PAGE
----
Univ. of Illinois team develops high-power Li-ion microbatteries that can out-power supercapacitors while retaining comparable energy density
Researchers at the University of Illinois at Urbana-Champaign have demonstrated a high-power and high-energy density microbattery constructed from interdigitated three-dimensional (3D) bicontinuous nanoporous electrodes. The new microbatteries out-power supercapacitors while retaining comparable energy density. The researchers published their results in Nature Communications.
The lithium-ion microbatteries show power densities up to 7.4 mW cm-2 µm-1, which equals or exceeds that of the best supercapacitors, and which is 2,000 times higher than that of other microbatteries, the researchers said. The microbatteries show energy densities of up to and energy densities up to 15 mW h cm-2 mm-1. The battery microarchitecture affords trade-offs between power and energy density that result in a high-performance power source, and which is scalable to larger areas.
The performance of power sources is typically measured by power and energy stored per unit mass or unit volume. For conventional lithium ion batteries, typical volumetric energy and power densities are around 10–60 mW h cm-2 mm-1 and 1–100 mW cm-2 mm-1. It is possible to achieve higher power density, up to 1,000 mW cm-2 mm-1, by using porous battery electrodes that reduce ion diffusion through the active anode and cathode materials, as well as designs that reduce ion diffusion time in the electrolyte and decrease electrical resistance in the electrodes. Most publications on high-power batteries focus on either anode or cathode half cells, and show improved power density at the expense of energy density. In principle, a battery architecture based on 3D integrated porous microelectrodes could achieve high-power density without sacrificing energy density by combining small ion diffusion distances, large percentage of active material and highly conductive electrodes. Such a microarchitecture could also enable miniature batteries suitable for microelectronics integration.
...It has proven difficult for batteries of any size to achieve the high power of a supercapacitor, which can be fabricated at nearly any size and have power density larger than 4.0 mW cm-2 mm-1. It is challenging to integrate 3D electrodes into a complete microbattery cell, owing to the difficulty of integrating 3D elements of anode and cathode materials, along with the need to control materials uniformity and feature sizes across a range of length scales of 10 nm–1 mm.—Pikul et al.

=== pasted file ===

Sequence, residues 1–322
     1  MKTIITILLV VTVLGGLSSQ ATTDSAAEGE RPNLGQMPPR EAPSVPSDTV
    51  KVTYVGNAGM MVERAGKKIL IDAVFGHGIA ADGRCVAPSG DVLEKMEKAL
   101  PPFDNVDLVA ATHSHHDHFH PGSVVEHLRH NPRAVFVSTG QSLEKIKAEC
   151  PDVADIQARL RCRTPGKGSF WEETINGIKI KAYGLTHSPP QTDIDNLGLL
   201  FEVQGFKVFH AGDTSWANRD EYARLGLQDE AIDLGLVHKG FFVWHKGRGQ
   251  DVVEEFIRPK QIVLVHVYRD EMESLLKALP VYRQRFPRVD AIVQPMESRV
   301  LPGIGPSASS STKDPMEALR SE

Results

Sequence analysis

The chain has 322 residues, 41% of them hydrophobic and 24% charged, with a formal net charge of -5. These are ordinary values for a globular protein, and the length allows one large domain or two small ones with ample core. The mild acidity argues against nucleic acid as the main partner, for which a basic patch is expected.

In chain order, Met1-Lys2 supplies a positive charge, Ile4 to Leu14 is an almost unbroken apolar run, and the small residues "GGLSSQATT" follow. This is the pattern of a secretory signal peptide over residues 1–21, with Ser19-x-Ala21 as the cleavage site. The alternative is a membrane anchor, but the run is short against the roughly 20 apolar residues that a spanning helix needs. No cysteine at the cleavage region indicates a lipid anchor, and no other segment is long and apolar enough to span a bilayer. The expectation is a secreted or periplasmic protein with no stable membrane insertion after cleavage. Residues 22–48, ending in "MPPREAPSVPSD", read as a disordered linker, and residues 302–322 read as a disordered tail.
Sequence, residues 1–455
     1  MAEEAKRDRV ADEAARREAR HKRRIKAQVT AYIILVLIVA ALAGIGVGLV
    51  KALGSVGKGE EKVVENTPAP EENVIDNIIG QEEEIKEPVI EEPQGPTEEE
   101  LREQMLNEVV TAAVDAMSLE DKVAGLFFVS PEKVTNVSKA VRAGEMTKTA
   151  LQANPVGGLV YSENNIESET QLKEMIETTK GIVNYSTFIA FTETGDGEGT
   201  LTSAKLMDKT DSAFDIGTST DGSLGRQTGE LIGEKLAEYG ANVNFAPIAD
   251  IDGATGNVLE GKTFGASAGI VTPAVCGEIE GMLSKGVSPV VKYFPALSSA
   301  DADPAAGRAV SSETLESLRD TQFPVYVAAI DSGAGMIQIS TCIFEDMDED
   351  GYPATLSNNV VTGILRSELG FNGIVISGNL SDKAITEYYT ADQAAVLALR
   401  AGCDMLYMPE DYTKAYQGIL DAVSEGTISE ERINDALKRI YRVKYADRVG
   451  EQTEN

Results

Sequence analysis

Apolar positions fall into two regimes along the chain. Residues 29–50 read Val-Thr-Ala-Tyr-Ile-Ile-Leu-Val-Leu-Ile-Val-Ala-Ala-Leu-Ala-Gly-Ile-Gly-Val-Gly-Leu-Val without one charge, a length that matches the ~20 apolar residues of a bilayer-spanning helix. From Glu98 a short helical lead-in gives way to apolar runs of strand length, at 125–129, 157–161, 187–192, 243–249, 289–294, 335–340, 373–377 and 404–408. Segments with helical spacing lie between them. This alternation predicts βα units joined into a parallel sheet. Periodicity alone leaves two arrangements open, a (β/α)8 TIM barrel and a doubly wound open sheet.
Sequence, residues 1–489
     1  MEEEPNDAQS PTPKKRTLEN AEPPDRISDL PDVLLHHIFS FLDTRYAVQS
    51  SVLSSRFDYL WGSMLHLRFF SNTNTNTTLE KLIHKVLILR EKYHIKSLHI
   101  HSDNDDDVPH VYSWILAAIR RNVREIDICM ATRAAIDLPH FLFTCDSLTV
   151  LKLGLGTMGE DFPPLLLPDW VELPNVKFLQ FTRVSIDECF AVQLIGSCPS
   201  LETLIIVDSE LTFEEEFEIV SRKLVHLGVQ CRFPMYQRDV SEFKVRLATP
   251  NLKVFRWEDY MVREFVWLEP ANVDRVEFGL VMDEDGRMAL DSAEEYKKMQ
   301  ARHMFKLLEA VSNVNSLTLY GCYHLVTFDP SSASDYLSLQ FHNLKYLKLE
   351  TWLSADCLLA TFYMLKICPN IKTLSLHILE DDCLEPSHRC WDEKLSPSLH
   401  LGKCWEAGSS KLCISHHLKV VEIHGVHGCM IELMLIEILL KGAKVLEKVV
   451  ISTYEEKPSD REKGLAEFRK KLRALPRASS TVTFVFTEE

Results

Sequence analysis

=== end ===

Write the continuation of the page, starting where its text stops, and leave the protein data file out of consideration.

Building on a novel fast-charging cathode design by materials science and engineering professor Paul Braun’s group, William King’s team developed a matching anode and then developed a new way to integrate the two components at the microscale.
The electrodes are a thin layer of nickel–tin (anode) or lithiated manganese oxide (LMO) (cathode) conformally coated onto interdigitated highly porous metallic scaffolds. The microarchitecture provides short electron and ion transport lengths in the electrolytically active material and electrolyte (yielding high-power density) while maintaining a high volume of active material (yielding high-energy density). The active material thickness varies between 17 and 90 nm.
The architecture allows compact integration of the anode and cathode on a single substrate for microelectronics applications.
The batteries could be further improved by taller 3D electrodes, which would require improvements in the fabrication process. Additional research could explore the fundamentals of ion transport in this type of 3D battery, explore other battery chemistries and routes to microelectronics packaging, the authors suggested.
The National Science Foundation and the Air Force Office of Scientific Research supported this work. King also is affiliated with the Beckman Institute for Advanced Science and Technology; the Frederick Seitz Materials Research Laboratory; the Micro and Nanotechnology Laboratory; and the department of electrical and computer engineering at the University of Illinois.
James H. Pikul, Hui Gang Zhang, Jiung Cho, Paul V. Braun & William P. King (2013) High-power lithium ion microbatteries from interdigitated three-dimensional bicontinuous nanoporous electrodes. Nature Communications 4, Article number: 1732 doi: 10.1038/ncomms2747